numeral 7 by a wave from a to b, back to a, and then to c, recovering to the normal position a. The numeral 8 is denoted by a wave from a to c, back to a, and then to b, recovering to the normal position a. The numeral 9 is denoted by two waves from a to b, and one from a to c. The numeral 0 by one wave from a to c, recovering again to a, and then two waves from a to b. The other signs are made in the same manner, so that a short motion shall always represent a short flash, and a long motion a long flash.
On the completion of the motions required for each sign, the flag must always be brought to the position a. When the word, or group of figures, is completed, the flag may be lowered in front of the body.
In receiving a message, the flag should always be kept in the position a, except when answering.
In waving the flag, the point of the staff should be made to describe a figure of 8 in the air to keep the flag clear.
Each signal party must consist of not less than two men, whose duties will be as follows:
In receiving messages
No. 1 works the flag for answering, &c., and refers to the code for the interpretation of the numbers received, and calls out the words to No. 2.
No. 2 fixes the telescope and reads from the distant station, calling out the numbers as they are made for the information of No. 1, and writes down the numbers and meaning thereof.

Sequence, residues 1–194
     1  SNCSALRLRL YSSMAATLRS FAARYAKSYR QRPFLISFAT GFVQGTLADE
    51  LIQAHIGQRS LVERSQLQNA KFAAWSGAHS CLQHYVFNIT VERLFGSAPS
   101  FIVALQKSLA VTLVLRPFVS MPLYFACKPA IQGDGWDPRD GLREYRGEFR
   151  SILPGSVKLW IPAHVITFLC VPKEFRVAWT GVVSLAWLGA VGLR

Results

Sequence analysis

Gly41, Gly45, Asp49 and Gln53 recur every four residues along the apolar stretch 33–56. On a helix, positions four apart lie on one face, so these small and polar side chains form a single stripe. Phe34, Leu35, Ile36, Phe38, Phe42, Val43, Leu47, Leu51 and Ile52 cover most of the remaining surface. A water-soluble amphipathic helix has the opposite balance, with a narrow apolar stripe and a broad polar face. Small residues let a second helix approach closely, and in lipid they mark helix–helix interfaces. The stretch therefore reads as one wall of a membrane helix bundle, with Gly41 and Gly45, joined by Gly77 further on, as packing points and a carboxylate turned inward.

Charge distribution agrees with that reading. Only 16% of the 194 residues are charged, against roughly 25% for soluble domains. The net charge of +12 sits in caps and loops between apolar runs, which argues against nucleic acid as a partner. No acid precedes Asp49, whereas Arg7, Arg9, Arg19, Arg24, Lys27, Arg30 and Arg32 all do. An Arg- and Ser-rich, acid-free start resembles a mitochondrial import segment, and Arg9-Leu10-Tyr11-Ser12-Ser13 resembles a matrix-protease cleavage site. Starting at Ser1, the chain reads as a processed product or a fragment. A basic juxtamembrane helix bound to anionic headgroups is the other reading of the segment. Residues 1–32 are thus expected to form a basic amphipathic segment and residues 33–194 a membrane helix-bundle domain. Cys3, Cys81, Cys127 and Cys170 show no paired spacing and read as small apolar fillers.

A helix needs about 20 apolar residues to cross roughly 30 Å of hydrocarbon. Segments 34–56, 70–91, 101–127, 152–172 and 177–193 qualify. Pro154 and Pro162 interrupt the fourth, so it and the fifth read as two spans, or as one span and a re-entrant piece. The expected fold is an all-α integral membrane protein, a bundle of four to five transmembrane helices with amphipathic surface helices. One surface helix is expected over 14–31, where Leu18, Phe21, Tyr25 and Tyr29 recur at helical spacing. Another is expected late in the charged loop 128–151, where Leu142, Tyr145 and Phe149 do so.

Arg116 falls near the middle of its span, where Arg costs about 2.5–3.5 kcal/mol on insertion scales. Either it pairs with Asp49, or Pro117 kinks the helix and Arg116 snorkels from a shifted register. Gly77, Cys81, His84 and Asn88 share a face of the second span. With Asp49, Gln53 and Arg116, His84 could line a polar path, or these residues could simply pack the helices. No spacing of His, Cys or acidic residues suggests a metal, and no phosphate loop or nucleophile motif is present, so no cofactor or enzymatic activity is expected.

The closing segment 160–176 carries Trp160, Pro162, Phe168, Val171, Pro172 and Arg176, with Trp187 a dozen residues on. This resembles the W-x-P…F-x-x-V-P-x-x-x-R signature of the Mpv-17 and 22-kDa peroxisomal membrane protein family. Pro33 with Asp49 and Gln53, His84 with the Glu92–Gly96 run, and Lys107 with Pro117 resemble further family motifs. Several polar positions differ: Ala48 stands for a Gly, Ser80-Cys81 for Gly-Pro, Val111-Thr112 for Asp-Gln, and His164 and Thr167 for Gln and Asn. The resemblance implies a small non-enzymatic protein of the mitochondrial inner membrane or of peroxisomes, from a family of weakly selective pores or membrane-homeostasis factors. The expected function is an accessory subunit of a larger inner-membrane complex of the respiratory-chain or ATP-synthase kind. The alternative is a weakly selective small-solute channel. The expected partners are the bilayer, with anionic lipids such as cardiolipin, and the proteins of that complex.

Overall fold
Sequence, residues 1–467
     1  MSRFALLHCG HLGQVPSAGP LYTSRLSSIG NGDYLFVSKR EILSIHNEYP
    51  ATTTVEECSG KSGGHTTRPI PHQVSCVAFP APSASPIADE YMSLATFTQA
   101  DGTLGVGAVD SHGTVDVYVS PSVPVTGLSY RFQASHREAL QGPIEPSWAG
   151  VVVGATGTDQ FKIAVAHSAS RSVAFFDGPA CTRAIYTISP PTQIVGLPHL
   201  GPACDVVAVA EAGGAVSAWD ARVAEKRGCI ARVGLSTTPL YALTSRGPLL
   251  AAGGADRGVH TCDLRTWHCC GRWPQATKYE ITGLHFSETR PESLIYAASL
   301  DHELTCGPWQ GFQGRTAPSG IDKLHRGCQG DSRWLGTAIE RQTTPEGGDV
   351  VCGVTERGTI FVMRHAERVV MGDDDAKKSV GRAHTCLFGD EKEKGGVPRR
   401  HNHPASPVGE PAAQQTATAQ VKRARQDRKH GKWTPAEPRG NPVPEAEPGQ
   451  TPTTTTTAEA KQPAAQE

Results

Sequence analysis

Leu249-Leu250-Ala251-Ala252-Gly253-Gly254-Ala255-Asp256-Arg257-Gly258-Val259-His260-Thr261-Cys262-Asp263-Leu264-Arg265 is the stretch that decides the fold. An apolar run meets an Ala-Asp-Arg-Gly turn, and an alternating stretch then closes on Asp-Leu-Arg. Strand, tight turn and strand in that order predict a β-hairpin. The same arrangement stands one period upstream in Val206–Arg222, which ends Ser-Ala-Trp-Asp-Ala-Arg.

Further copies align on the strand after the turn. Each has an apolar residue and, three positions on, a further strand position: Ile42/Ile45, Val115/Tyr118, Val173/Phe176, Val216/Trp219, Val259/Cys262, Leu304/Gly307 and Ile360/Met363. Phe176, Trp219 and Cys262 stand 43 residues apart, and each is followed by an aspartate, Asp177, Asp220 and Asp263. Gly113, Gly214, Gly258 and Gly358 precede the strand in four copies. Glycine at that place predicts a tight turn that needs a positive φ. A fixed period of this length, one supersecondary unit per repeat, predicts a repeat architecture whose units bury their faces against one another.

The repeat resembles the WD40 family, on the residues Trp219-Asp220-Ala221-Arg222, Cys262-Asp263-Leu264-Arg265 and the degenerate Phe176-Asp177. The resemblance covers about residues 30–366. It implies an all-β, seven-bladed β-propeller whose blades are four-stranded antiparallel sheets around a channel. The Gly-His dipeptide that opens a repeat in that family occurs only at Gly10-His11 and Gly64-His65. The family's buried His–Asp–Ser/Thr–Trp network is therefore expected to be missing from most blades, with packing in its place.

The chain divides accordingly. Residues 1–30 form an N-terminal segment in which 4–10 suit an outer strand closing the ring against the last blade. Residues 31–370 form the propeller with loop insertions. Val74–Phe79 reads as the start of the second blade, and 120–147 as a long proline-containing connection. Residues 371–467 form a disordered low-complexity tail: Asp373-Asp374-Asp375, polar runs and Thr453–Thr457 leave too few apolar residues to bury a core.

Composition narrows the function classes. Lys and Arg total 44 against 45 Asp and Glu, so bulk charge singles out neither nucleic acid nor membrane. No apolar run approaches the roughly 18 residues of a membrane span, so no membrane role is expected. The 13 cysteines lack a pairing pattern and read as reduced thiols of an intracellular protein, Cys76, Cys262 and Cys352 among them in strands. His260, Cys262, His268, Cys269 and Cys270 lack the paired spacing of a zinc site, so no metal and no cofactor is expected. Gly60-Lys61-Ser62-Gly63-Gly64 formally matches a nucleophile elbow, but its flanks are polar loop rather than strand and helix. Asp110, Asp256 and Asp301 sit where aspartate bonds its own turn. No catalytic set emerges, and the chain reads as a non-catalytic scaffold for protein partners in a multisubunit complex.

Suppose station ""in communication with station " B ":
No. 1 at " A " on being told by No. 2 that " B " is about to send a message, takes up his position at attention, holding the flag over the left arm and under the right, or vice versa across his body, according to the wind, with the code book in his hand. No. 2 fixes his eyes on the glass, and on receiving the numbers from "B" calls them out to No. 1, who ascertains their meaning from the code, and gives the words to No. 2, who writes them down in his book, and then placing his eye to the glass, tells No. 1 to make the answer. No. 2 does not, however, direct the answer to be made until he is sure of the correctness of the signal received.
Flashing Alphabet, for Use without a Code.-The following alphabet, &c., can be used under circumstances when it is